Impulse noise removal is based on weighted average filter with the nearest neighbor interpolation. This method first step is construct initial image using nearest neighbor interpolation. From the initial image, detect the impulse noise. Then noisy image is reconstructed using the weighted average filter. The experimental result verifies that this method performs best compared to the previous algorithm in terms of quantitative and qualitative approach. The effectiveness of this algorithm is compared with the quantitative measures are PSNR and MSE. This method reduces the computational complexity and the time delay.

REFERENCE

[1.] Bovik, A., Handbook of Image and Video Processing. 2000 New York, NY, USA: Academic.

[2.] Chan R., C.W. Ho and M. Nikolova, 2005. "Salt-and-pepper noise removal by median-type noise detectors and detail-preserving regularization," IEEE Trans. Image Process., 14(10): 1479-1485.

[3.] Srinivasan, K.S. and D. Ebenezer, 2007. "A new fast and efficient decision based algorithm for removal of high- density impulse noises," IEEE Signal Process. Lett., 14(3): 189-192.

[4.] Ze-Feng D., Y. Zhou-ping and X. You-lun, 2007. "High probability impulse noise-removing algorithm based on mathematical morphology," IEEE Signal Process. Lett., 14(1): 31-34.

[5.] Chen, P.Y. and C.Y. Lien, 2008. "An efficient edge-preserving algorithm for removal of salt-and-pepper noise," IEEE Signal Process. Lett., 15: 833-836.

[6.] Zhang, X. and Y. Xiong, 2009. "Impulse noise removal using directional difference based noise detector and adaptive weighted mean filter," IEEE Signal Process. Lett., 16(4): 295-298.

[7.] Toh, K. and N. Isa, 2010. "Noise adaptive fuzzy switching median filter for salt-and-pepper noise reduction," IEEE Signal Process. Lett., 17(3): 281-284.

[8.] Esakkirajan, S., T. Veerakumar, A. Subramanyam and C. PremChand, 2011. "Removal of high density salt and pepper noise through modified decision based unsymmetric trimmed median filter," IEEE Signal Process. Lett., 18(5): 287-290.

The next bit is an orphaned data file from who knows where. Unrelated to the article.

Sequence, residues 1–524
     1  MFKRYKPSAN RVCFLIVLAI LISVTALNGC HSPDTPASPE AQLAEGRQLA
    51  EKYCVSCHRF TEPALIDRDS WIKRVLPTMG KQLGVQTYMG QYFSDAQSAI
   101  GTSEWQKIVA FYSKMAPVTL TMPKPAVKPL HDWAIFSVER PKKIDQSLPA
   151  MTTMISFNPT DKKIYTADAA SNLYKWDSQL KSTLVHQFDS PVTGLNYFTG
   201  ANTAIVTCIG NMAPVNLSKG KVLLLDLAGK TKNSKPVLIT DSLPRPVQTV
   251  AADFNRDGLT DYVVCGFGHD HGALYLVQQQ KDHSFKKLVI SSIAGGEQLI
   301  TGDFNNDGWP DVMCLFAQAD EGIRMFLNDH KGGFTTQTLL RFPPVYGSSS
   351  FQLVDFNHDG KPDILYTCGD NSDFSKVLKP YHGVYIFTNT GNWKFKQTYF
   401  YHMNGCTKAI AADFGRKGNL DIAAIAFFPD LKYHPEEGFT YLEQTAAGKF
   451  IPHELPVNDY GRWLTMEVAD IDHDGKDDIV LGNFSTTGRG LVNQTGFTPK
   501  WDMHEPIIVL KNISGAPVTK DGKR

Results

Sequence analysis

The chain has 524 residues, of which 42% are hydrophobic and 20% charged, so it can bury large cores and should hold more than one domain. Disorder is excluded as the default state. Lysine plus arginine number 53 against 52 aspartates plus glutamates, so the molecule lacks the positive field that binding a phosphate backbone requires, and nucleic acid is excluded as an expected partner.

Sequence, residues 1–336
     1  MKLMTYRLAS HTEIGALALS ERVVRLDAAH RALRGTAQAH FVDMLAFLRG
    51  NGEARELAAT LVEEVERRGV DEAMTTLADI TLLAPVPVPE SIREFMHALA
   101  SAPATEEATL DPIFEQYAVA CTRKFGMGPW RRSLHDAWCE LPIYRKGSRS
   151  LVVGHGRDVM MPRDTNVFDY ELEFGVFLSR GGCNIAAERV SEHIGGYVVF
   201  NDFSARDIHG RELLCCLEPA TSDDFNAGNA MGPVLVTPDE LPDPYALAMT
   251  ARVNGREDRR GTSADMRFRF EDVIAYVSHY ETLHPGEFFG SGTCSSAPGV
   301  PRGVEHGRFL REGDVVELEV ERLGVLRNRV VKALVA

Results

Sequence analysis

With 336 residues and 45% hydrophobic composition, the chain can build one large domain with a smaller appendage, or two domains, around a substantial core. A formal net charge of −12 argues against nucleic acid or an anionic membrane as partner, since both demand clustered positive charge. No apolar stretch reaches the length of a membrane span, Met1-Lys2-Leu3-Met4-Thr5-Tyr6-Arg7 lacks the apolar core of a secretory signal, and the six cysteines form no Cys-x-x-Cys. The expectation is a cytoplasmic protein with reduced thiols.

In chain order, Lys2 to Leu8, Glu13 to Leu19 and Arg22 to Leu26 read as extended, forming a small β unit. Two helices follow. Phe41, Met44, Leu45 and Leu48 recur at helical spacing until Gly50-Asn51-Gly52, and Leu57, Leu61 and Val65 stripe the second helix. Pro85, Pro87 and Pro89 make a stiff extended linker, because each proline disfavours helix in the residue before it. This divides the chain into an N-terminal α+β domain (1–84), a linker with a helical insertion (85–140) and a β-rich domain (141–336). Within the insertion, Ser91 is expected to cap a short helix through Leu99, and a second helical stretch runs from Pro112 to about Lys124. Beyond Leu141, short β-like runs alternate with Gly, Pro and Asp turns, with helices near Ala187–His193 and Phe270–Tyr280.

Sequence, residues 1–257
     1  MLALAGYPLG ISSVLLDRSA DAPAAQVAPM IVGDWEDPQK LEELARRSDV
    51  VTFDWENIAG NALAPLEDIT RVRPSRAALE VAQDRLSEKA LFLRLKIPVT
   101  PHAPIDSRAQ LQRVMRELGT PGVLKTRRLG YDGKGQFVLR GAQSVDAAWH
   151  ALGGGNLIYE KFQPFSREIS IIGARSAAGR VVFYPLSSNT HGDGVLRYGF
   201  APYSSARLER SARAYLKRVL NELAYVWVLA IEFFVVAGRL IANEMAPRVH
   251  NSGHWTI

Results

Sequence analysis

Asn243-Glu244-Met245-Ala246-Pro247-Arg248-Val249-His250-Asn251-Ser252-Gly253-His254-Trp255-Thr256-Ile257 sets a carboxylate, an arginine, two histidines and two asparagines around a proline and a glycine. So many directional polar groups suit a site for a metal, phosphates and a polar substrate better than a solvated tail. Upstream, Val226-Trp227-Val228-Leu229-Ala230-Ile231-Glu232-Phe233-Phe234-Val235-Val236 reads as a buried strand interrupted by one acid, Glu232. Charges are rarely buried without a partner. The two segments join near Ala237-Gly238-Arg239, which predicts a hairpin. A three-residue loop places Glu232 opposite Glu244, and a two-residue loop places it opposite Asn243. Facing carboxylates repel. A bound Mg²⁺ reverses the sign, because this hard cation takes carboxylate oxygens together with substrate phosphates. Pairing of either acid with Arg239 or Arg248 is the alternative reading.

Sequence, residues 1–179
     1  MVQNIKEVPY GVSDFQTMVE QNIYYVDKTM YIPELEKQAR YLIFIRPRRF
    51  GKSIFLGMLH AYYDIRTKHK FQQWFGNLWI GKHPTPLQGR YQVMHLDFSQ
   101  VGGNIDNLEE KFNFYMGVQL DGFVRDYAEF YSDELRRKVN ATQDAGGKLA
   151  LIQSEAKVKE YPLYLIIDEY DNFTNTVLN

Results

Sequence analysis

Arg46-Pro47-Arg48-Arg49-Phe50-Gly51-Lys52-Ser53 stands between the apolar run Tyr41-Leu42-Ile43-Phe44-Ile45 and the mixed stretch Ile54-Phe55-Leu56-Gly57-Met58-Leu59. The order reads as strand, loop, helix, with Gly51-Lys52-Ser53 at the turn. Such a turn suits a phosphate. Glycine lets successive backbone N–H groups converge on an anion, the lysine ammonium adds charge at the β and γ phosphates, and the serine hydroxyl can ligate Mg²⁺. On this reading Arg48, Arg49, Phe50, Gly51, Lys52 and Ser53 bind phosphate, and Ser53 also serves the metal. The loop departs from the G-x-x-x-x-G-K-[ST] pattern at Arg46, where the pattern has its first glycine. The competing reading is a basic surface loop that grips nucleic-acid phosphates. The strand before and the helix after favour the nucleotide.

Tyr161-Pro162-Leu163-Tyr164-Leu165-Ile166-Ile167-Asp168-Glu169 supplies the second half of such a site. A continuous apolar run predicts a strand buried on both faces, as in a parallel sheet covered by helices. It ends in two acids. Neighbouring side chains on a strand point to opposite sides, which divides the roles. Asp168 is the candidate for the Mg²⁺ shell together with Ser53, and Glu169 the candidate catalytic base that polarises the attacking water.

[9.] Xiong, B. and Z. Yin, 2012. "A universal denoising framework with a new impulse detector and nonlocal means," IEEE Trans. Image Process., 21(4): 1663-1675.

[10.] Wang, Z., A.C. Bovik, H.R. Sheikh and P. SimoncelliE, 2004. "Image quality assessment: From error visibility to structural similarity," IEEE Trans. Image Process., 13(4): 600-612.

[11.] Maurer, J., C.R.R. Qi and V. Raghavan, 2003. "A linear time algorithm for computing exact euclidean distance transforms of binary images in arbitrary dimensions," IEEE Trans. Patt. Anal. Mach. Intell., 25(2): 265-270.

[12.] Rajamaniand, V., Krishnaveni, 2014. "An Efficient DenoisingAlgorithm for Impulse NoiseRemoval"Journal ofcomputer science.

(1) Aarthi T. and (2) Gayathri R.

(1) M.E.-Applied Electronics, Saveetha Engineering College, Chennai.

(2) Associate professor, Department of Ece. Saveetha Engineering College, Chennai.

Received 25 April 2016; Accepted 28 May 2016; Available 5 June 2016

Address For Correspondence:

Aarthi T., M.E.- Applied Electronics, Saveetha Engineering College, Chennai.

E-mail: aarthiselvan@gmail.com

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Author: | Aarthi, T.; Gayathri, R. |
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Publication: | Advances in Natural and Applied Sciences |

Date: | Jun 15, 2016 |

Words: | 2053 |